3 Reasons GTD (Getting Things Done®) + Evernote Is Your Next Inbox

by paulgebel

Full disclosure: I’m an avid Secret Weapon user. My thoughts here are mainly an expression of standing on their giant shoulders.

Getting Things Done (GTD) has become a business cult of formerly information-saturated executives, entrepreneurs and stay at home moms. The simplicity of the organization and the regiment of the process make such intuitive sense that it is difficult for me to imagine organizing my tasks and information in any other construct. However, there is a way to impose a tool on the system that accelerates the process and allows much more depth and context to the system.

For Evernote users, this has become a welcome organizational framework for all of the data and is great for turning non-context  driven data into useful, actionable tasks. There are limitless variations that can be taken on this theme, but the most important decision for me came in this simple approach: “Few Notebooks, Many Tags”. This will seem like gibberish to the Evernote Luddites, so the meaning might be more clear in the practical application.

GTD SimplifiedFirst the notebooks set-up. I have two “stacks”. They’re called tasks and files. The first question you ask in the GTD process is, “Is it actionable?” If yes, it’s a task. If no, it’s a file. The sub-notebooks in files can be as large as necessary. Some examples in mine are cookbookrolodex and fitness. There are a dozen or so, and I have very loose rules around what does where. There isn’t any action associated with them, and I’ll likely find what I need by tag as opposed to notebook. Secondly, the files. There are two kinds in the GTD system: Action Pending or Completed. The system doesn’t allow a heroic approach to task labeling. If it’s a project with multiple tasks required for completion, tag it with the project name, but every task gets it’s own note in Evernote.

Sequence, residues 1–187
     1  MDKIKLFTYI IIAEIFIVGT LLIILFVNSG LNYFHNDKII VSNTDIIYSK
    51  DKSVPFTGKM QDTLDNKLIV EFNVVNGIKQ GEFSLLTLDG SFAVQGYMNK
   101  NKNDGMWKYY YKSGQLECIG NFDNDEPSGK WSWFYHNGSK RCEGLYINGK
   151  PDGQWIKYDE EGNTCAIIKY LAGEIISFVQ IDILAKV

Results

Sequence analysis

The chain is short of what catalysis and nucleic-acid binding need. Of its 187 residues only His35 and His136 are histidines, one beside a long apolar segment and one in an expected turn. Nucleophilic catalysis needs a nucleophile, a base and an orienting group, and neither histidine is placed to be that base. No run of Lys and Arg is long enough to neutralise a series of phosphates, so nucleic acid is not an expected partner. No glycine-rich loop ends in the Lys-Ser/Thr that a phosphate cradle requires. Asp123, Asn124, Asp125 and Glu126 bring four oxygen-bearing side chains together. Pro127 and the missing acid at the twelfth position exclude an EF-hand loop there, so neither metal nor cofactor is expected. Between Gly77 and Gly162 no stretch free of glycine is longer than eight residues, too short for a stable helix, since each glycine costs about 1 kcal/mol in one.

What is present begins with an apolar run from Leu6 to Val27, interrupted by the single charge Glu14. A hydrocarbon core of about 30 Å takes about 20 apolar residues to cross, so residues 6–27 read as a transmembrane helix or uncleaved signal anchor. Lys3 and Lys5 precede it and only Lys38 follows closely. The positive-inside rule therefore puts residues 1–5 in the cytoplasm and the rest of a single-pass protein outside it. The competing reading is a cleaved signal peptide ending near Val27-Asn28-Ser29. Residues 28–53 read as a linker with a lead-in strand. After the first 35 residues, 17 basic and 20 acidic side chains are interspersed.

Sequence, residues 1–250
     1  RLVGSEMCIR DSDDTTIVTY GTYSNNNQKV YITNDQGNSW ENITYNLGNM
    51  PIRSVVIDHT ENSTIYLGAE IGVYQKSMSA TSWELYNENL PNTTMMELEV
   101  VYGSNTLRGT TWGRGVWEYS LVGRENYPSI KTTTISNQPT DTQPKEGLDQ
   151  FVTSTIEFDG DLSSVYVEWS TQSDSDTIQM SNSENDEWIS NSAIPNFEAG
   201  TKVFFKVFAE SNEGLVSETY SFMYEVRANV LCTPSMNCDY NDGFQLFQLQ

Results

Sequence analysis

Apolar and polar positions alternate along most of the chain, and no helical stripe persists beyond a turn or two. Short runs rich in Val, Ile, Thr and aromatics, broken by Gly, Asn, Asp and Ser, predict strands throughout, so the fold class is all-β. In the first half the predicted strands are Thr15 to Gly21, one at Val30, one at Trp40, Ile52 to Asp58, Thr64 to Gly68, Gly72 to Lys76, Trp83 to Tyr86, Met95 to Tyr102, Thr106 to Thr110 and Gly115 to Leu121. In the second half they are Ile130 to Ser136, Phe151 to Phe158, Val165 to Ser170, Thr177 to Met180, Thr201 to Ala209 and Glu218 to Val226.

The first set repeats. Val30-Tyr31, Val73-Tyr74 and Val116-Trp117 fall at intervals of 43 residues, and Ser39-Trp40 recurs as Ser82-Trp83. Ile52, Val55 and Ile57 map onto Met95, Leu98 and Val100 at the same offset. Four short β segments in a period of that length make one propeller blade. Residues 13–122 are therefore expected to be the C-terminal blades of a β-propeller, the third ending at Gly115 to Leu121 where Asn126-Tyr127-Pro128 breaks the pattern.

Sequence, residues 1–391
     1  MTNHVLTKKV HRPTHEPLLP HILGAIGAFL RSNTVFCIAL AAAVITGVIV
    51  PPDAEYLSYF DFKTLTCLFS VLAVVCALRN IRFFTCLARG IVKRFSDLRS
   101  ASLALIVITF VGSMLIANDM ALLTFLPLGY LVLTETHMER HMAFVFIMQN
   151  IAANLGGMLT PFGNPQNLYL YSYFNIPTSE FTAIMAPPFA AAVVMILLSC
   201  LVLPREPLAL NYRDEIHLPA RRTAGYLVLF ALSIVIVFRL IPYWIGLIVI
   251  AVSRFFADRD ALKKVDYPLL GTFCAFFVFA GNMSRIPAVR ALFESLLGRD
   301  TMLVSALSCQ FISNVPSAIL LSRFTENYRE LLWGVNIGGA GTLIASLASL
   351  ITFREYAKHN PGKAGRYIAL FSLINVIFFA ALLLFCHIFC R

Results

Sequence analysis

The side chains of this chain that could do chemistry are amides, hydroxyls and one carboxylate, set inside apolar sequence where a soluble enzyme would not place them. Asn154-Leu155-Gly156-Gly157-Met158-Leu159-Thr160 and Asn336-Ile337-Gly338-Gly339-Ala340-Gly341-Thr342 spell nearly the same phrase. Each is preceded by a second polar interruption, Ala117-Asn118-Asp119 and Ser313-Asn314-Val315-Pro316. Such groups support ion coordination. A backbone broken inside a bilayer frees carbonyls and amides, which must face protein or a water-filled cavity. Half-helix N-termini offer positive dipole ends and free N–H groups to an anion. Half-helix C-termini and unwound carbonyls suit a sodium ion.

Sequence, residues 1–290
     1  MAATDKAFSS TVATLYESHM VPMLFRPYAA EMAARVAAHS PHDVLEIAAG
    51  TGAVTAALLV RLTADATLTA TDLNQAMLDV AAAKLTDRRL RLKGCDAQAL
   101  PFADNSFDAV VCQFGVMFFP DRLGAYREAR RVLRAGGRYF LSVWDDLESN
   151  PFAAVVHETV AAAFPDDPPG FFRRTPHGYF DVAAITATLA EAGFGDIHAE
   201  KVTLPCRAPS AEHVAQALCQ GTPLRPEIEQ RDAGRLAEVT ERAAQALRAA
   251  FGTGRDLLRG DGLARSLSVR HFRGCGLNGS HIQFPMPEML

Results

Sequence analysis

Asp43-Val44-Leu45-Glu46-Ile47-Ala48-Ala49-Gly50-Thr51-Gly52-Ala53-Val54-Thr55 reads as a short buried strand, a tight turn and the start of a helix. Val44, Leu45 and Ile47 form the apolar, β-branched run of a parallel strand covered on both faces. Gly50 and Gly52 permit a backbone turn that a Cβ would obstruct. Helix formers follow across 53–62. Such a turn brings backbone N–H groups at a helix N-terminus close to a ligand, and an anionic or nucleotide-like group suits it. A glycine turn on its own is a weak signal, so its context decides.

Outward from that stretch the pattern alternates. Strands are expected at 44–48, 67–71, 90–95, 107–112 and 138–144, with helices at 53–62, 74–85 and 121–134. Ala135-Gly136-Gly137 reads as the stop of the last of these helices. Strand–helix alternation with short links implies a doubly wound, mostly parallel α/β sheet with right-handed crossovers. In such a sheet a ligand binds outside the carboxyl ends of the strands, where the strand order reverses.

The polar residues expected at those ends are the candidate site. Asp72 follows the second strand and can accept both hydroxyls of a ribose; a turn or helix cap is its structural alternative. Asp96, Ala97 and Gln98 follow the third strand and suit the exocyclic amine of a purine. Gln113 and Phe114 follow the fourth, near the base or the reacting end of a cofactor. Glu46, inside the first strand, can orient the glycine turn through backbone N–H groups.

There are a couple reasons this system works. First of all, I trust Evernote. This whole thing falls apart with my email client as the backbone, because I don’t trust that tool as a consistently available, reliable system of storage and organization. Second, Evernote is a blank slate. Every GTD user has their own take on the system. Little modifications to files. Little personalized touches on the categories. Evernote is designed to get out of your way and just allow you to store information in contexts that make sense. And third, this works, because of the community. The not-so-silent partner in taking on the GTD framework (regardless of the Evernote implementation) is the user groups. You’ll find them on LinkedIn, blogs, the GTD forum, the GTD Blog… It’s the amazing part of this undertaking. The help-desk is ubiquitous.

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